Ohio Judge Contests Campaign Restrictions

     (CN) – The strict limitations Ohio state judges face for fundraising violate the First Amendment, one judicial candidate claims in Federal Court.
     Colleen O’Toole and Friends to Elect Colleen O’Toole brought her April 26 federal complaint in Columbus against Ohio Supreme Court Chief Justice Maureen O’Connor, disciplinary counsel Scott Drexel, and Richard Dove, the director of the Ohio Board of Professional Conduct.
     Presently a judge on Ohio’s 11th District Court of Appeals, O’Toole recently announced her candidacy for election in 2016 to the Ohio Supreme Court.
     She claims that the Ohio Code of Judicial Conduct is doing its best to keep her campaign on the ground, by prohibiting judicial candidates from personally soliciting campaign contributions unless they are speaking to a general audience of at least 20 people, and making candidates legally responsible for the actions of their campaign committees.
     The rules also restrict candidates from raising funds earlier than 120 days before the primary election, or from using the title “justice” or the verb “judge” on campaign literature, without identifying the court on which they currently serve.
     Since the deadline for filing a declaration of candidacy is 90 days before the primary election, O’Toole says “Friends to Elect Colleen O’Toole will only have a 30-day window in which it can solicit and raise funds before Colleen O’Toole will have to file her declaration of candidacy and petition in order to be a candidate for the Ohio Supreme Court in the 2016 Republican primary election.”
     Sitting Ohio Supreme Court judges meanwhile may have campaign funds left over from a prior judicial race, which they can use to support their candidacy at any time.
     Chief Justice O’Connor, for example, spent almost $25,000 in 2012 and 2013, even though she was not permitted to receive campaign contributions during these years as she was not running for office, the complaint notes.
     According to 2014 campaign finance reports, O’Connor’s campaign has $52,000 prepared to spend on her upcoming campaign. Another candidate, Patrick DeWine, has $245,000 in ready funds.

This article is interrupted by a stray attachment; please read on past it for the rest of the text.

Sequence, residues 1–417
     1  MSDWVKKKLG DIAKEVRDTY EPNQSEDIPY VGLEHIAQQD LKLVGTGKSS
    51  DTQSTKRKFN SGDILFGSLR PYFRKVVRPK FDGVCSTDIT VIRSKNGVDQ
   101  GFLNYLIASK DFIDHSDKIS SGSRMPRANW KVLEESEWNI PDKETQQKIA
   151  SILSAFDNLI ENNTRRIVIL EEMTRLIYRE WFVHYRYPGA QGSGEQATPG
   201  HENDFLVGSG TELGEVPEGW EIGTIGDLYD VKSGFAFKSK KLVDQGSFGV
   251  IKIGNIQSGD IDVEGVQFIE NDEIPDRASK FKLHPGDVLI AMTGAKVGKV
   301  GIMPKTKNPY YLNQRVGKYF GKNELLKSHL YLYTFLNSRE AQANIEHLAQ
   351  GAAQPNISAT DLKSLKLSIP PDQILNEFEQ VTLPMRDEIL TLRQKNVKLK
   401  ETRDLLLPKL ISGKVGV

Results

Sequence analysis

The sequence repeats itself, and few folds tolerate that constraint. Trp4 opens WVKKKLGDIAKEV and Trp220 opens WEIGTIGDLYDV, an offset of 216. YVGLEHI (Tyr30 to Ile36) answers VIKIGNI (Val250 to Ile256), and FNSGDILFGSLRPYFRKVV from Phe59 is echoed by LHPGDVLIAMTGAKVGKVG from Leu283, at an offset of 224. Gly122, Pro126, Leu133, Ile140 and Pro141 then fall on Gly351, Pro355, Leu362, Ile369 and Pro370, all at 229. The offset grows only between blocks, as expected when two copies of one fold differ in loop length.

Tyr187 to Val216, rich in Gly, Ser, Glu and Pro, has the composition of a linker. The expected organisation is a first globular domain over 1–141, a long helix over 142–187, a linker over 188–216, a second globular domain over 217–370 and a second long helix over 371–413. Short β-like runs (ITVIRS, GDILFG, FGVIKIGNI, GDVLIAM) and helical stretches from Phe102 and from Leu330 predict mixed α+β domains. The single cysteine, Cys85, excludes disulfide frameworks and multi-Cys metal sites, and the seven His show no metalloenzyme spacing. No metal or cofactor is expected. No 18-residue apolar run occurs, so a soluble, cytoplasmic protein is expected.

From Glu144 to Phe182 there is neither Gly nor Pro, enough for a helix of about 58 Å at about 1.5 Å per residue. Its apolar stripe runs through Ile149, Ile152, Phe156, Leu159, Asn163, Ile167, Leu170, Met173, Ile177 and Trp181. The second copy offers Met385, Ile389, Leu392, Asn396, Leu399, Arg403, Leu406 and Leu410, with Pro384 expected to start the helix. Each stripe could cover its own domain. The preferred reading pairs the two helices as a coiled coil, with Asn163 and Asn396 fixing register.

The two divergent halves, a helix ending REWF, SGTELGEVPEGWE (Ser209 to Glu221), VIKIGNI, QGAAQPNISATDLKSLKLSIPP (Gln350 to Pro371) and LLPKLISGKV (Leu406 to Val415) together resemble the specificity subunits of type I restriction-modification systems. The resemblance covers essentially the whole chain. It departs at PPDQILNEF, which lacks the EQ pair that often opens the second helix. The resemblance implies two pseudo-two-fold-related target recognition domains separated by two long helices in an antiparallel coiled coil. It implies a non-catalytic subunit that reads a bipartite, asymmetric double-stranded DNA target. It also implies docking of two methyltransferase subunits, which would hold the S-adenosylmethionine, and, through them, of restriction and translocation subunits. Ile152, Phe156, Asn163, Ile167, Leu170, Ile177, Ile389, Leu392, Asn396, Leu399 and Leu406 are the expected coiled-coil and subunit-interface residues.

“Because such campaign committees have significantly more retained funds from prior judicial races than Friends to Elect Colleen O’Toole, those other campaign committees are able to engage and do engage in significantly more speech in support of their respective candidates utilizing a significantly lesser percentage of their retained funds,” O’Toole claims.
     Her campaign also wishes to seek election to the Ohio Supreme Court without the cumbersome requirement of identifying the current court she services on, “i.e., without being compelled by government dictate to alter its core political speech,” and objects to the regulation of font sizes on judicial campaign literature.
     O’Toole personally claims that the prohibition on personal solicitation of campaign funds violates “the constitutionally protected rights of freedom of speech and association of potential contributors to receive information and ideas directly from judicial candidates, including a direct and personal request from a judicial candidate for a campaign contribution.”
     This last claim may be dead in the water, as the U.S. Supreme Court decided in a different case Wednesday that states can prohibit judicial candidates from direct, personal solicitation.
     O’Toole seeks a permanent injunction against the enforcement of these provisions of the Ohio Code of Judicial Conduct as unconstitutional.
     She is represented by Curt Hartman in Cincinnati.

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